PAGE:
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JACK SMITH ON SUNDAY

Just for Starters : Some First Lines Are Destined for Fame; Others Only Provoke Groans and Shudders

December 16, 1990|JACK SMITH

FIRST LINES HAVE staying power. We remember them after we have forgotten the novel, the story, the poem, the essay.

Generations of high school graduates have never read Herman Melville's "Moby Dick," but many could tell you its clangorous first line:

"Call me Ishmael."

(What if Melville had called him Fred?)

Perhaps everyone has a favorite first line. Most of us know "It was the best of times, it was the worst of times," though we might be hard-pressed to remember the following 100-plus words in the first paragraph of Charles Dickens' "A Tale of Two Cities."

First lines have even been collected. "Know These Lines," published by the New York Public Library, lists an even hundred, from "In the beginning was the Word," to "I saw the best minds of my generation destroyed by madness," from a poem by Allen Ginsberg.

"From These Beginnings" (Schocken) lists the first lines of 50 literary works, from "Call me Ishmael' to "Alexey Fyodorovich Karamazov was the third son of Fyodor Pavlovich Karamazov, a landowner well known in our district in his own day (and still remembered among us) owing to his tragic and obscure death, which happened exactly thirteen years ago, and which I shall describe in its proper place."

That, obviously, is the first line of "The Brothers Karamazov" by Fyodor Dostoevsky, which is sometimes called the greatest novel ever written, and it may suggest why I have never been able to read it.

The first line of another Russian novel is commendably briefer. "Happy families are all alike; every unhappy family is unhappy in its own way"--the beginning of "Anna Karenina," by Leo Tolstoy.

My own favorite is "It was the end of summer." Does that ring a bell?

Inevitably, first lines would be parodied. Few have provoked more satirical responses than the first lines of one of the baroque novels of Edward George Earle Bulwer-Lytton, which began: "It was a dark and stormy night. . . ."

Some years ago that provoked Scott Rice, a professor at San Jose State University, to introduce a contest in Bulwer-Lytton's name. It has produced such winners as this one, by Michael McGarel: "The sun rose slowly, like a fiery furball coughed up uneasily onto a sky-blue carpet by a giant unseen cat."

Even before Rice, however, Barnaby Conrad had begun a contest among student writers at his Santa Barbara Writers Conference. Conrad admitted that he had stolen the idea from the British magazine The Spectator, whose readers were asked to invent the first sentence of a novel "guaranteed to deter the reader from reading any further."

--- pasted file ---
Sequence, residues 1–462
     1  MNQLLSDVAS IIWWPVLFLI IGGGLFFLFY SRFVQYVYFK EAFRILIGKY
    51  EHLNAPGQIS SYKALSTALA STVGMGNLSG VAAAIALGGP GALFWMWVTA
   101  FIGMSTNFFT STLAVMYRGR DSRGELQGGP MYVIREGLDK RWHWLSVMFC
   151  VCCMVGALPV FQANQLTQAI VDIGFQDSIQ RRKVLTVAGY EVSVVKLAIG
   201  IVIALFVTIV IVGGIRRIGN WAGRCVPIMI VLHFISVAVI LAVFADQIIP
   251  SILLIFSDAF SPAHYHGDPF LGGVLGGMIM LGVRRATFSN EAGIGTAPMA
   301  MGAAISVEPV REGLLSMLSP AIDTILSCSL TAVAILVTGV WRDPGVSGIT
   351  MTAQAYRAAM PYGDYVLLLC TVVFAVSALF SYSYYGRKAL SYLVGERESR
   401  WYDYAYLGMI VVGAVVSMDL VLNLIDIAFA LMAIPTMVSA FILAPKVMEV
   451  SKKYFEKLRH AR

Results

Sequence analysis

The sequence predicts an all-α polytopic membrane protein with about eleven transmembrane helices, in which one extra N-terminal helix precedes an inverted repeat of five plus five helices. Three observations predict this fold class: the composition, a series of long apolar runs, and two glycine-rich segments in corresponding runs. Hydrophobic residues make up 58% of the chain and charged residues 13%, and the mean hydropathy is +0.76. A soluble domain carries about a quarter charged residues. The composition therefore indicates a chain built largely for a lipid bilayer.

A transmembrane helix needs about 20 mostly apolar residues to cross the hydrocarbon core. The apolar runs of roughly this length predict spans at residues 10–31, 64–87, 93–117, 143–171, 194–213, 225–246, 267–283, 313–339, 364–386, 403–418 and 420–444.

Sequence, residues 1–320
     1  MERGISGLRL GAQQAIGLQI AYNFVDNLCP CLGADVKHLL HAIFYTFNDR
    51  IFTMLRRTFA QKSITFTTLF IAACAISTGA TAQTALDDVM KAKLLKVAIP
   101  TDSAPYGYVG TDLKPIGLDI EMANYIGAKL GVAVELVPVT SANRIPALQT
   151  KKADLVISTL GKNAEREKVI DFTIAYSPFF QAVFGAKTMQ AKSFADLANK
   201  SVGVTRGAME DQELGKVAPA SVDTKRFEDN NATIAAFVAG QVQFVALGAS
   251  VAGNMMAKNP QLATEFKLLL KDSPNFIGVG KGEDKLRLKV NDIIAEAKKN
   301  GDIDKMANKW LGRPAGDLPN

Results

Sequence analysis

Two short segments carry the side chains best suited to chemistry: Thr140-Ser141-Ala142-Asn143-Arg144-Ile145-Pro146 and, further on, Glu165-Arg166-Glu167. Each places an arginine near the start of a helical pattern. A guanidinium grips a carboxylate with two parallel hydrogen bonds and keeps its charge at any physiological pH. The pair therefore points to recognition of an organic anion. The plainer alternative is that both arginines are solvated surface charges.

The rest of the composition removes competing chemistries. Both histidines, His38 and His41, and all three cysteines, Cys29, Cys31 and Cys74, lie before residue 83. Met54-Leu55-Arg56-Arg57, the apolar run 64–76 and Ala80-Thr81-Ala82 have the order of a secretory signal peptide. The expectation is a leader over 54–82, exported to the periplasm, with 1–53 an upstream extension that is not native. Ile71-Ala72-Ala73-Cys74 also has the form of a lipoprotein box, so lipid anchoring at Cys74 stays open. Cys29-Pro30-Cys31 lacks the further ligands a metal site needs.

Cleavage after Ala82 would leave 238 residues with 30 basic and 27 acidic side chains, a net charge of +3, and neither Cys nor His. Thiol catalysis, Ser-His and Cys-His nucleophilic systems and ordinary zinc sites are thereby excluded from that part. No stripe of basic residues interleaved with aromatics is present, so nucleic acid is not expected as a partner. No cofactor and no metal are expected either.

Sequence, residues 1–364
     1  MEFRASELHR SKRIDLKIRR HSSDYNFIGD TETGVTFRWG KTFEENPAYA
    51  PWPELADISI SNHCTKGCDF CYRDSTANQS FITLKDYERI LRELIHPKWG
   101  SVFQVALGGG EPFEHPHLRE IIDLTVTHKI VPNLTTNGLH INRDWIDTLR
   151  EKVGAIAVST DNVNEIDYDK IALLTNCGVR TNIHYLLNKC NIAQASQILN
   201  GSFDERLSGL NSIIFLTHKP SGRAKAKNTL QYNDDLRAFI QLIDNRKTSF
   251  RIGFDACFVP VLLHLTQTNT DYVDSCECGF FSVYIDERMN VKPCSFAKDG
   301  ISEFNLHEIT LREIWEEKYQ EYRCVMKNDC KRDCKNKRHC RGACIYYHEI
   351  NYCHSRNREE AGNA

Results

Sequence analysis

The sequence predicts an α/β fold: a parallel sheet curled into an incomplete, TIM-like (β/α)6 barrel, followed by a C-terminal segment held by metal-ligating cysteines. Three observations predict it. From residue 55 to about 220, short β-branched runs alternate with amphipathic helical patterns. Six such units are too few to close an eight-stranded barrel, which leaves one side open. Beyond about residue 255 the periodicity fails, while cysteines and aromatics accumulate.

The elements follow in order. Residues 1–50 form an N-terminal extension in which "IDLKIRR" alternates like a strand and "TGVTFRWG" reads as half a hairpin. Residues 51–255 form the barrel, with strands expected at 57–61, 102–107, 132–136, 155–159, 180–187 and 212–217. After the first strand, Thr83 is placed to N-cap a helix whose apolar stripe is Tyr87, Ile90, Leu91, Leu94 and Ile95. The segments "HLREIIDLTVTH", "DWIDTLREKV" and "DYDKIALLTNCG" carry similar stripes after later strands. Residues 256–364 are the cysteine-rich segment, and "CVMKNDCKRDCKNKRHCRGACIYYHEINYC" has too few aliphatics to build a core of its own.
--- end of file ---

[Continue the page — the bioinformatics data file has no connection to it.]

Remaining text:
The Spectator's winner: "So many of my friends have told me that my life sounded just like a book I feel it would be a lack of 'savoir-faire' in me not to try and put down some record of it all, although I have never been quick with a pen."

That sort of thing being the goal, some of Conrad's conferees have turned out some gems.

Robert Morris submitted: "The kid said 'Daddy, Daddy.' And his eyes did kinda look like mine," which would put almost anyone off.

Morris later submitted another winner: "Some readers might say that too much has already been written about the paramecium's frenzied dance in search of a significant other, but to them I say nay!"

Karen Clarke parodied the writers of romances: " 'La!' tittered Merilee Melody Musique into her pillow, her perfect, porcelain, exquisitely cared-for face brightening as she awoke, stretching languidly as a passionate pet tiger between the pine satin lace-trimmed, rose-scented sheets. . . ." It goes on for another 200 words, but you get the idea.

John Maddox Roberts submitted this: "I was fifteen when I decided to devote my life to the study of the Treaty of Utrecht, and I have never looked back!"

Conrad adds a few of his favorites from the general literature. "There's one thing I want to make clear right off. My baby was a virgin the day she met Errol Flynn"--the beginning of Florence Aadland's book about the affair between her teen-age daughter and Errol Flynn.

His other choices are bell ringers, not put-offs, and brevity is their key: From Billie Holiday's autobiography: "Mom and Pop were just a couple of kids when they got married. He was 18, she was 16 and I was 3." From "The Postman Always Rings Twice," by James M. Cain: "They threw me off the bay truck about noon."

Sheer power has rarely been compressed into fewer words than these: "Now at last the slowly gathered, long-pent-up fury of the storm broke upon us."--"Their Finest Hour" by Winston Churchill.

Have you figured out what "It was the end of summer" is from?

It's from my unfinished novel of that name.

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